Top 5 Items of the Month
We kick of this month with this attractive 1900 1/2d green franking with a scarce “Posted out of course” handstamp. This handstamp indicated that this registered envelope was probably placed straight into a postbox instead of being handed over at the Post Office as was required for all registered letters. It sold for £48.20.
Another attractive 1900 1/2d franking was this advertising cover for Tiptree Fruit Farm. Advertising covers are very collectable, and the more ornate they are, the more desirable they are. This one fetched an impressive £82.51.
This impressive multiple of 16 of the 1s green sold for only £128.00. The “73” cancellation is a telegraph cancellation, meaning that this block would have been attached to a telegraph form and hence not postally used, which always reduces the price. However the block has very good colour which is difficult with this stamp as contact with water will make the green fade.
This parcel post label is a scarce single usage of the 9d purple and blue. In unusually fine and attractive condition for a parcel label, it was no surprise to see this sell for £68.80.
And finally this attractive multiple Jubilee franking sold for £63.95. Although a little bit grubby, the stamps pay a scarce high franking of 1s 5 1/2d to Greece.
Top 3 Items of the Week
This month sees another Jubilee item slip through my fingers. Although only a large parcel piece, it has added interest in the fact that it was sent from the Houses of Parliament, and is printed “PARLIAMENTARY PROCEEDINGS / On Her Britannic Majesty’s Service”. Sent to Belgium, it is franked by nine 1881 1d lilacs, a 1887 1/2d and a 2 1/2d tied by London hooded cds. Hosted on ebay.com, it sold for £21.75.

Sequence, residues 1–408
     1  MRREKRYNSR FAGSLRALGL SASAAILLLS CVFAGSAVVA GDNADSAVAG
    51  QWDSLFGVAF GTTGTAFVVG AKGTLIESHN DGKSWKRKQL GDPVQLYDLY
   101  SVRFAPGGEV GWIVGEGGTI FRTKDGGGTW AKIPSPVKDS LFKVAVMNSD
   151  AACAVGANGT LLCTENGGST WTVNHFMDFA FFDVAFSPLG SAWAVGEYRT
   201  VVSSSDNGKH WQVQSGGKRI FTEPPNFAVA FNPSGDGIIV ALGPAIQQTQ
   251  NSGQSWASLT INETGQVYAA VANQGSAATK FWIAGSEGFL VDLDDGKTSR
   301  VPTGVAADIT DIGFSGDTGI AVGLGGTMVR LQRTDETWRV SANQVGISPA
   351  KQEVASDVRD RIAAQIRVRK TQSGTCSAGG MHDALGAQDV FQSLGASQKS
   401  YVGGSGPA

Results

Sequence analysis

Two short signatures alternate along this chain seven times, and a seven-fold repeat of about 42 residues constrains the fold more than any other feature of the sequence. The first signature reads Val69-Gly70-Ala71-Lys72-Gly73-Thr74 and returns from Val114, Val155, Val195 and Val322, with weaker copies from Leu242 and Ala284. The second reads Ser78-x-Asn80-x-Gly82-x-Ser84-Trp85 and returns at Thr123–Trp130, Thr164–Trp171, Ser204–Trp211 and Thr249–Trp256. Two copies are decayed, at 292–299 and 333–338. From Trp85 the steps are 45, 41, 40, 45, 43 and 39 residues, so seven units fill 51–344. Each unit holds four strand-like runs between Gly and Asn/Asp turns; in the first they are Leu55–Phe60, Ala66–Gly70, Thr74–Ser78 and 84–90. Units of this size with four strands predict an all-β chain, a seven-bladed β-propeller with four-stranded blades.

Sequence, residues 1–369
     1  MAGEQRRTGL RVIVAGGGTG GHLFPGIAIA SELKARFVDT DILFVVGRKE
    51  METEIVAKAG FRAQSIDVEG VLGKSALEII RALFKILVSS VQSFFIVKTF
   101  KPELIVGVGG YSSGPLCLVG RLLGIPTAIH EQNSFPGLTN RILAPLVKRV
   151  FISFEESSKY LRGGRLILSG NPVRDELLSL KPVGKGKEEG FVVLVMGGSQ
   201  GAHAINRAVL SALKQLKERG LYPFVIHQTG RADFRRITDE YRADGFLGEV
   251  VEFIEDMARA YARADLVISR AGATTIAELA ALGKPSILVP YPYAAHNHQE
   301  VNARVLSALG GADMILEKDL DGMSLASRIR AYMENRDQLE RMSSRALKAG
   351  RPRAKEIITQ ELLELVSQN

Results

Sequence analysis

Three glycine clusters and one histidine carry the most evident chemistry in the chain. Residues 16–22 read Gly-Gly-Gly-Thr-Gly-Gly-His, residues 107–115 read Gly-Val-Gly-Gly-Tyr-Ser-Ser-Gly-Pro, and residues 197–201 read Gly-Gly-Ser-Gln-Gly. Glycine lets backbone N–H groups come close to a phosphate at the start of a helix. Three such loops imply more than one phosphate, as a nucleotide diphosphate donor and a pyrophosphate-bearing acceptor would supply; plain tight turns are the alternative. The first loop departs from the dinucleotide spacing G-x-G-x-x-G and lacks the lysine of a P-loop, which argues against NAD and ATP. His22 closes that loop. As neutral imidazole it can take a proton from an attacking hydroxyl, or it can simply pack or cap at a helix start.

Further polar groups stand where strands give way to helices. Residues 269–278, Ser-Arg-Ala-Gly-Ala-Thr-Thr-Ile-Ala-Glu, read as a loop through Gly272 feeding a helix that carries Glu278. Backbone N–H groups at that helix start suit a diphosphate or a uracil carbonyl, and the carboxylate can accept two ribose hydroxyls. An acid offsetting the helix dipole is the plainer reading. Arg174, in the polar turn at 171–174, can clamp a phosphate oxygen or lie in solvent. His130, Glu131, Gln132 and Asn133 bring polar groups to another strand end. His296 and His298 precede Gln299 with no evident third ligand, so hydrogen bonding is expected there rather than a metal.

Another lot hosted on ebay.com was this pair of American advertising covers from the Cotton States and International Exposition, Atlanta. I’ve had some success recently in buying advertising covers cheaply of ebay, however not these two. Obviously buoyed by the American interest, the two sold for £68.12.
Advertising-ring covers such as this one are keenly collected. Even though this one inscribed “PUBLISHERS OF THE PERMANENT STAMP ALBUM / BRIGHTON” is one of the most common, and there’s obviously some soiling at the top, it still fetched a respectable £75.59.
Top 3 Items of the Month
This attractive, if slightly ragged, cover has two interesting points. Firstly, it is an advertising cover sent from Alfred Smith, the well-known stamp dealer, and prolific maker of advertising envelopes! This one has a 6d and 1d stamped-to-order dies which is much less common on advertising covers. And secondly, it’s going to Turks Island! Due to its condition, it sold for only £87.08. A fine one should fetch double.
This 1s green single franking is scarce, since at this time most countries were part of the UPU, and hence the standard letter rate of 2 1/2d applied. However, New Zealand was one of the few for which letters were still charged 6d, so this double rate cover is a nice example of this scarcer rate. If it were a little bit fresher, it would have sold for more than the £50.29 it realised.
This block of six 1/2d vermilion Army Officials looks pretty standard at first glance. However a closer look reveals that the fourth stamp has a broken L variety in OFFICIAL and the fifth stamp has a broken Y in ARMY. Unfortunately some creasing put me off pushing past £28.70.
This 1s green and carmine with inverted watermark catalogues at £850, and was sold for £375. In fine condition, something of this calibre rarely comes up on eBay.
This cover fetched a good price at £97.45. As a franking it is not much to write home about, but because it is going to Orange Free State in Africa, it is much more sought after, possibly moreso by collectors of Orange Free State postal history as an example of incoming mail. This example shows the 4d rate to Africa plus 2d registration fee.
Printed advertising covers are collectable in their own right. This attractive one is advertising Malloch Fishing Tackle in Perth, and was sold for £79.94.